Defamation is also called libel. It is a falsified oral or written communication about another person that unfairly destroys the reputation of such a person. In many cases, defamation may constitute a civil wrong or a crime.
Under common law, to constitute defamation, a claim must generally be false and must have been made to someone other than the person defamed. Some common law jurisdictions also distinguish between spoken defamation, called slander, and defamation in other media such as printed words or images called libel. In the United States, false light laws protect against statements that are not technically false but are misleading.
The United Nations Human Rights Committee ruled in 2012 that the libel law of one country, the Philippines, was inconsistent with Article 19 of the International Covenant on Civil and Political Rights as well as urging that “State parties [to the Covenant] should consider the decriminalization of libel”. In Saudi Arabia, defamation of the state, or a past or present ruler, is punishable under terrorism legislation.
- A misleading or bogus assertion implying to be a fact,
- A false statement made in reference to a third person,
- Negligence on the part of the person making such statements,
- As a result, some harm has been caused to a person or entity,
- Example: damage to someone’s reputation due to false sexual harassment allegations.
Each state in the United States of America has its own version of the anti-defamation statute. As such, each interpretation of defamation naturally varies. Now, let us look at some case laws as examples.
In a New York State Court case of Davis vs Boeheim, it was held that “contested statements are reasonably susceptible of a defamatory connotation”.
In the case of Thomas H. vs Paul B., it was held that “In order for the challenged statements to be susceptible of a defamatory connotation, they must come within the well-established categories of actionable communications. Thus, a false statement “that tends to expose a person to public contempt, hatred, ridicule, aversion or disgrace constitutes defamation.”
In the case of Gross v New York Times Co, it was held that falsity is a necessary element to prove defamation as only statements alleging facts can properly be subject to a defamation action.”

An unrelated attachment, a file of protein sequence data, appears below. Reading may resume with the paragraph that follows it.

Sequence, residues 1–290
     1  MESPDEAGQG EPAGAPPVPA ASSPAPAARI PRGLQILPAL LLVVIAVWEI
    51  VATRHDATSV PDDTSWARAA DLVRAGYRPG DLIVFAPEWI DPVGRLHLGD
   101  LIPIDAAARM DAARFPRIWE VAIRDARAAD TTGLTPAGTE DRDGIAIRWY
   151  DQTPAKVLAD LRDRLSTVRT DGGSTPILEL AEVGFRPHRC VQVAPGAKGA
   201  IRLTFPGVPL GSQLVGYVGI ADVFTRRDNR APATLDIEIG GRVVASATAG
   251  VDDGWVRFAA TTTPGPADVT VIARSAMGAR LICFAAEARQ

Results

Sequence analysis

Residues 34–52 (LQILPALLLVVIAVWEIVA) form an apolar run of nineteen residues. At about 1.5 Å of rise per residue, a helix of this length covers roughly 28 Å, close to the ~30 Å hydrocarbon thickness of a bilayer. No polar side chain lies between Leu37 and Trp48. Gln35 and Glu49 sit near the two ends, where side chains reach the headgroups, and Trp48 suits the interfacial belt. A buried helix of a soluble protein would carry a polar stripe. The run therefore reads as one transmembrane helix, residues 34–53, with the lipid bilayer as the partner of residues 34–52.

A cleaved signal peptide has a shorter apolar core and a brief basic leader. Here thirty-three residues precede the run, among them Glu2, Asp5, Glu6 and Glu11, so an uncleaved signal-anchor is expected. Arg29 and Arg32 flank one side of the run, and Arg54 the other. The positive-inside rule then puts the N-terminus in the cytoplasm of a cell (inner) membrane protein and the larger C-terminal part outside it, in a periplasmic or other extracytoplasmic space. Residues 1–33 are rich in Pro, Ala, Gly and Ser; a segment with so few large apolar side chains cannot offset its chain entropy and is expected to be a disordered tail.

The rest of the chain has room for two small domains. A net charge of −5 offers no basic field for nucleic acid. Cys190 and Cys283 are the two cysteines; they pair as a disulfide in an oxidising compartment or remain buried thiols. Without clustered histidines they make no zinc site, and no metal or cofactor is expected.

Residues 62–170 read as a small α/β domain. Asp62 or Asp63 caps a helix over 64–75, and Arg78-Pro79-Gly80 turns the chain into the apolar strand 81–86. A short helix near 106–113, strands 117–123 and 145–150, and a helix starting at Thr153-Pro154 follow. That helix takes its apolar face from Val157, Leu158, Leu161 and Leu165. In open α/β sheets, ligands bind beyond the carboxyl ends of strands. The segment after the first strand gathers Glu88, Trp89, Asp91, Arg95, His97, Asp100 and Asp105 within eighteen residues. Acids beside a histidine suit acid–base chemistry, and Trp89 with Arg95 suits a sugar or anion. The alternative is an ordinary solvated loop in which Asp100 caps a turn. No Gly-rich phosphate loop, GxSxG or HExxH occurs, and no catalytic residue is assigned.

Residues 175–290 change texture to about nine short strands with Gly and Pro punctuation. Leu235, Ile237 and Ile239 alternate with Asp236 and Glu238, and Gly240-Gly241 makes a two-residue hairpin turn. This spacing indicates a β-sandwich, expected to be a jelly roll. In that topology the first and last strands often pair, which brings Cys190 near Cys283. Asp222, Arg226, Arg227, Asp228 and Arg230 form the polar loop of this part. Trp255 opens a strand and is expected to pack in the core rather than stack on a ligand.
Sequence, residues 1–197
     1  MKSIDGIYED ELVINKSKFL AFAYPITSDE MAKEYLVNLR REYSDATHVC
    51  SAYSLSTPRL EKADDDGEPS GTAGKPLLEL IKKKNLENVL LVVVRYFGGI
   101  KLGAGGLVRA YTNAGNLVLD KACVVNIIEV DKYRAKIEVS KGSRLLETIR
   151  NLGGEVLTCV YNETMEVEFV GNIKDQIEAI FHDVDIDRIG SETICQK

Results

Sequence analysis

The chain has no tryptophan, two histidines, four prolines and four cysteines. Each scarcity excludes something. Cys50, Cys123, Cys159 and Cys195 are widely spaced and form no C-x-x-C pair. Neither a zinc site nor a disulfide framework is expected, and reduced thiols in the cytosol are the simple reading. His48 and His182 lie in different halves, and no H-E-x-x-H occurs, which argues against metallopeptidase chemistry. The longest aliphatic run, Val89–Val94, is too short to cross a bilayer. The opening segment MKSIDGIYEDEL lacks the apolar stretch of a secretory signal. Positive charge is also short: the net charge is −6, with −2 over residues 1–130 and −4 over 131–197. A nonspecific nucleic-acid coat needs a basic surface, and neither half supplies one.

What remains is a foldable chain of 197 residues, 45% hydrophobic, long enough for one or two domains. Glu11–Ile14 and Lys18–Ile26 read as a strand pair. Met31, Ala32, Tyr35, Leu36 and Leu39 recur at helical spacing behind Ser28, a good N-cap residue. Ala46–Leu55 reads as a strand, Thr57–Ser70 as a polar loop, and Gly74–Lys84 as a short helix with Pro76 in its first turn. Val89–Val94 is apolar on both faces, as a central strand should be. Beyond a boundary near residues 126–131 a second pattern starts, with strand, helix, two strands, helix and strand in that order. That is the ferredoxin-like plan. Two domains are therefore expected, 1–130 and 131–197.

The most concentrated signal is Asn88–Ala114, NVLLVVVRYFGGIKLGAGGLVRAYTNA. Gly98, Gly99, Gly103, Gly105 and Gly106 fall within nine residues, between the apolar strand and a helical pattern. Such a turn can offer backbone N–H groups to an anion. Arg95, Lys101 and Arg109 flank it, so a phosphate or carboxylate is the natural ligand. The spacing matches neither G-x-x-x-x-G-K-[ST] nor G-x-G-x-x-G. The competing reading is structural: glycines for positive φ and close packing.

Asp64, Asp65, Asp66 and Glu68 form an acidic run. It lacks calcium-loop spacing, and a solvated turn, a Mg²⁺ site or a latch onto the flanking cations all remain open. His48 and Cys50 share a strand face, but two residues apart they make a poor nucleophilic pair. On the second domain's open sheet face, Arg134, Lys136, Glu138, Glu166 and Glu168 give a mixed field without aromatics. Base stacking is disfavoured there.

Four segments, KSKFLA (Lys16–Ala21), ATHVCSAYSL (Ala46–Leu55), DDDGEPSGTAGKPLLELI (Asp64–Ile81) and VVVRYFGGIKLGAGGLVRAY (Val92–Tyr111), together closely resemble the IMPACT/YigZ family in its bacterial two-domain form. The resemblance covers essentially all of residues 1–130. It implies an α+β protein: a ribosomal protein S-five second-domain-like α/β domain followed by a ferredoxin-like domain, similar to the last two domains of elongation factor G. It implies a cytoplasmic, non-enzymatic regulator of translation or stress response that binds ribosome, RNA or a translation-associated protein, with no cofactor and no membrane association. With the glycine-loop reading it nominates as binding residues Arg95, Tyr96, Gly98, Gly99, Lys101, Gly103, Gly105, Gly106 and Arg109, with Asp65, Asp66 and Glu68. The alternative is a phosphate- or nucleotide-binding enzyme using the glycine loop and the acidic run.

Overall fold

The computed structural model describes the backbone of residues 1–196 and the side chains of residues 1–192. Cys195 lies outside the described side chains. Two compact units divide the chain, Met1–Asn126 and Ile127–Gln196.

In the case of Mann vs Abel, it stated that when statements constitute mere opinions they cannot attract a defamation lawsuit.
In the case of Hotchner v Castillo-Puche, it was held, “while a pure opinion cannot be the subject of a defamation claim, an opinion that “implies that it is based upon facts which justify the opinion but are unknown to those reading or hearing it, is a ‘mixed opinion’ and is actionable“
In the case of Levinsky’s, Inc., Plaintiff, Appellee, v. Wal-mart Stores, Inc., Defendant, Appellant, 127 F.3d 122 (1st Cir. 1997) held that negligence was an important element in proving any defamation claims.
- The statement so made was in a moment of heat and said in contempt or malice,
- That the person making such statements at the time believes it to be false.
The primary holding of the case held that “To sustain a claim of defamation or libel, the First Amendment requires that the plaintiff show that the defendant knew that a statement was false or was reckless in deciding to publish the information without investigating whether it was accurate.”
The 1st Amendment of the US Constitution is intended to protect freedom of speech and the press. However, what the written Code failed to foresee was the risk of the rule on libel cases. Later Supreme Court cases barred strict liability for libel and forbade libel claims for statements that are so ridiculous as to be obviously facetious. Latest lawsuits have further improved the precedent of defamation law.
This article is meant to be treated as general information and not legal advice. For more information on Defamation cases and if you know somebody who is been wrongly defamed contact @Layman Litigation.
 Defamation - Wikipedia  Linda L. Edwards, J. Stanley Edwards, Patricia Kirtley Wells, Tort Law for Legal Assistants, Cengage Learning, 2008, p. 390. "Libel refers to written defamatory statements; slander refers to oral statements. Libel encompasses communications occurring in 'physical form'... defamatory statements on records and computer tapes are considered libel rather than slander."  Edward C. Martin. "False light". Archived February 27, 2008, at the Wayback Machine. Cumberland School of Law, Samford University.  "Libel law violates freedom of expression – UN rights panel". The Manila Times. 30 January 2012. Archived from the original on 17th April 2022.  "Saudi Arabia passes anti-terror law, banning defamation". Gulf News. Retrieved 17th April 2022.  Davis v. Boeheim, 110 A.D.3d 1431 (N.Y. 2014), Retrieved from: Davis v Boeheim (2014 NY Slip Op 07083) (nycourts.gov)  Thomas H. v Paul B., 18 NY3d 580, 584   Refer the case of Gross v New York Times Co., 82 NY2d 146, 152-153   Mann Vs Abel, 10 NY3d 271, 276 (2008). Retrieved from: Mann v Abel (2008 NY Slip Op 02675) (nycourts.gov)  Refer case of Hotchner v Castillo-Puche, 551 F2d 910, 913 [2d Cir 1977].  Levinsky's, Inc., Plaintiff, Appellee, v. Wal-mart Stores, Inc., Defendant, Appellant, 127 F.3d 122 (1st Cir. 1997) :: Justia  New York Times Co. v. Sullivan :: 376 U.S. 254 (1964) :: Justia US Supreme Court Center  United States defamation law - Wikipedia